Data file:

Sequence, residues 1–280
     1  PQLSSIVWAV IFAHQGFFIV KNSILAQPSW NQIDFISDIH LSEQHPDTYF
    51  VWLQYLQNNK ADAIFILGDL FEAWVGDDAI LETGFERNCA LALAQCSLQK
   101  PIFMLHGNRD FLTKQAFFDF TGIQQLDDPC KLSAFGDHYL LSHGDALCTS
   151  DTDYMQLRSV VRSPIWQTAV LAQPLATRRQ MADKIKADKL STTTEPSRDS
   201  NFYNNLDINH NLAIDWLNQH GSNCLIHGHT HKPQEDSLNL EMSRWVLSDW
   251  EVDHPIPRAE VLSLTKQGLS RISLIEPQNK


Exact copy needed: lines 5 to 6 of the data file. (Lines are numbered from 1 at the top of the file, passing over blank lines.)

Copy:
   151  DTDYMQLRSV VRSPIWQTAV LAQPLATRRQ MADKIKADKL STTTEPSRDS
   201  NFYNNLDINH NLAIDWLNQH GSNCLIHGHT HKPQEDSLNL EMSRWVLSDW